Codicil to last:21st June 1784:
If Wm. Neale and Joan Tobin not living at death bequeath Mr. Henry O’Neile, bror of Mrs. O’Neile, Exors. £10 for trouble.

Osborne, Sir Thomas,
Tickincor, Co. Waterford, Knt.
13 Oct 1713. Precis ½ p., 17 Sept 1717

Wife Dame Ann Osborne als. Usher. Son Nicholas. Grandson John Osborne.
Edward Hubbart, lessee of Winsland als. Farrinbullin near White Church Rock. Edmond Power, lesee of the lands in B. Glannehiry, William Rony, Widow Gough, Widow Bull, Susanna Cox, John Fling, Joseph Thomas, William Hore of Caraine. Widow Ronane, Wm. Fies, Thomas Morrisy, Morrish Houllighane and Gerald Gibon, tenants in parish of Dungarvan.
Cullenagh, Coolepeasoone (?Coolnabeasoon), Knockmeale, Barneshangannagh in B. of Glannehiry; Cooleporsilly, Parknecorry, Clyneskie, Parkeirsheal, Clynegonniny and Garrystroppie, Parish of Dungarvan, Barony of Decies; Winsland als Farrinbullin, all in Co. Waterford
Witnesses: William Browning, Affane, Co. Waterford, Esq; James Usher, Ballintaylor, Co. Waterford, Esq.,; and Robert Carew, Tickinure, Co. Waterford, gent.
Memorial Witnessed By: Peter Molloy, Dublin gent; Cha. Browne
Ann Osborne (Seal)

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Presbyterian Exodus, Co. Sligo, 1729

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As far back as 1675, when South Ulster had not even one Presbyterian Congregation in either Fermanagh, Monaghan, or Cavan, there was a minister, Rev. ??? Jacques in charge of the Corboy church. Rev. John Mairs of Loughbrickland was \’transplanted\’ to Longford in 1697, where he complained about his work and the extent of his charge, \’being at least ten miles over, and the two places in his charge (Corboy and Tully or Clongish) for preaching in each other Sabbath, being five miles distant\’ He desired to return to Ulster, but his synod did not give him permission till 1706, when it released him \’from his intolerable grievances, his wife losing her health, his own craziness (ill-health) and the greatness of his charge.\’ He was succeeded by Rev. William Hare, who was ordained in Corboy in 1708, and resigned in 1720. The next, minister was Rev. James Bond who was ordained in 1722.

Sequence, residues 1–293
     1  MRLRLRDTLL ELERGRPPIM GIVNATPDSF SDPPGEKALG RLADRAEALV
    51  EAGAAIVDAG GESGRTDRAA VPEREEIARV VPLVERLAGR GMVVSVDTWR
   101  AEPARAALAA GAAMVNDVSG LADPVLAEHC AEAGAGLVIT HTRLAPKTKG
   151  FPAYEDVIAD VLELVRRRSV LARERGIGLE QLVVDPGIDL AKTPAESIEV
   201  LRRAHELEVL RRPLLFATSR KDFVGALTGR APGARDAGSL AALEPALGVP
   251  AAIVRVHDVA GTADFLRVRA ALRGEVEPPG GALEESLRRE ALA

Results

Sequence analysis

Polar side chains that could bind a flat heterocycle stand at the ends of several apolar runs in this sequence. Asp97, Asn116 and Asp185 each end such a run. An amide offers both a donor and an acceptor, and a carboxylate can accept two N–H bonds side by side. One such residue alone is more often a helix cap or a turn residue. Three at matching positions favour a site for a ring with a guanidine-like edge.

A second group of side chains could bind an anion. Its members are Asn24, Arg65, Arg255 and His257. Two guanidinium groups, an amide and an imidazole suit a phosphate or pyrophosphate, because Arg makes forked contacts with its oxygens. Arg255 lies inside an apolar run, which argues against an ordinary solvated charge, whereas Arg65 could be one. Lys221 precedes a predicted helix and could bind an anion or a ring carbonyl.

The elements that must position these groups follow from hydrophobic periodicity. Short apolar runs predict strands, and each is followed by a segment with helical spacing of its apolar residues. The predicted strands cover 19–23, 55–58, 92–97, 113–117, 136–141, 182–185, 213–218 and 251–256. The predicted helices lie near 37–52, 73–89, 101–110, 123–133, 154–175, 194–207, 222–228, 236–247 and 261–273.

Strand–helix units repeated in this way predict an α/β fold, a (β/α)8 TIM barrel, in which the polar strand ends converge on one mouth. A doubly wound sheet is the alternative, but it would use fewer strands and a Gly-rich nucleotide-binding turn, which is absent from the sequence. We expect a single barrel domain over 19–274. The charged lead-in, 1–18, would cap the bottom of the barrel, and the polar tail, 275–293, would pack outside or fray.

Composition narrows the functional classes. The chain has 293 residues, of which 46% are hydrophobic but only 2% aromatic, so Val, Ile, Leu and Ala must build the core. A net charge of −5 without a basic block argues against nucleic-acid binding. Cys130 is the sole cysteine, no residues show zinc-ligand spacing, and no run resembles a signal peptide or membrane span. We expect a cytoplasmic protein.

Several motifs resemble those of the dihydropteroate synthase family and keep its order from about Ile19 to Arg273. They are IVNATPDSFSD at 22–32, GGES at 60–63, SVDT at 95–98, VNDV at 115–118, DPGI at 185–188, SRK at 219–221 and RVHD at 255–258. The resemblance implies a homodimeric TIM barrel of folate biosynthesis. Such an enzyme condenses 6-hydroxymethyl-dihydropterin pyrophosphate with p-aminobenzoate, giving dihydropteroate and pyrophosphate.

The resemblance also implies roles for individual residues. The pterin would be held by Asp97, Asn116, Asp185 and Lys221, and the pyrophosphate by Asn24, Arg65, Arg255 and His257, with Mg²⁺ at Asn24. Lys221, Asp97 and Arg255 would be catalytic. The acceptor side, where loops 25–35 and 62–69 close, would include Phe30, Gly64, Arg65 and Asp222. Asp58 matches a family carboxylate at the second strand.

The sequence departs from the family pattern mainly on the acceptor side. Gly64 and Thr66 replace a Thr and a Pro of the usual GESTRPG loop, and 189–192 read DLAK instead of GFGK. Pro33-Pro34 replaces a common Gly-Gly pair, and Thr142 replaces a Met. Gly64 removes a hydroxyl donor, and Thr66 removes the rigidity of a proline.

It was during Mr Bond\’s ministry in, Corboy that an exodus from the district was organised by a Col. Charles Clinton, a copy of whose diary of the journey across the Atlantic to America is preserved in the New York State Library. I am much indebted to Mr Victor Murphy, a member of the Corboy Church, for the loan of this very interesting document.

First we must find the reasons why there was such great unrest amongst the Presbyterians in Ireland at this time which forced thousands of them to flee from the country in spite of the great hardships encountered in crossing the Atlantic and settling in untamed and undeveloped country. In the later part of 1728 Primate Boulter transmitted to the secretary of state in: England the following \’melancholy account\’ as he called it, of the state of the North and of the extensive emigration which was taking place to America: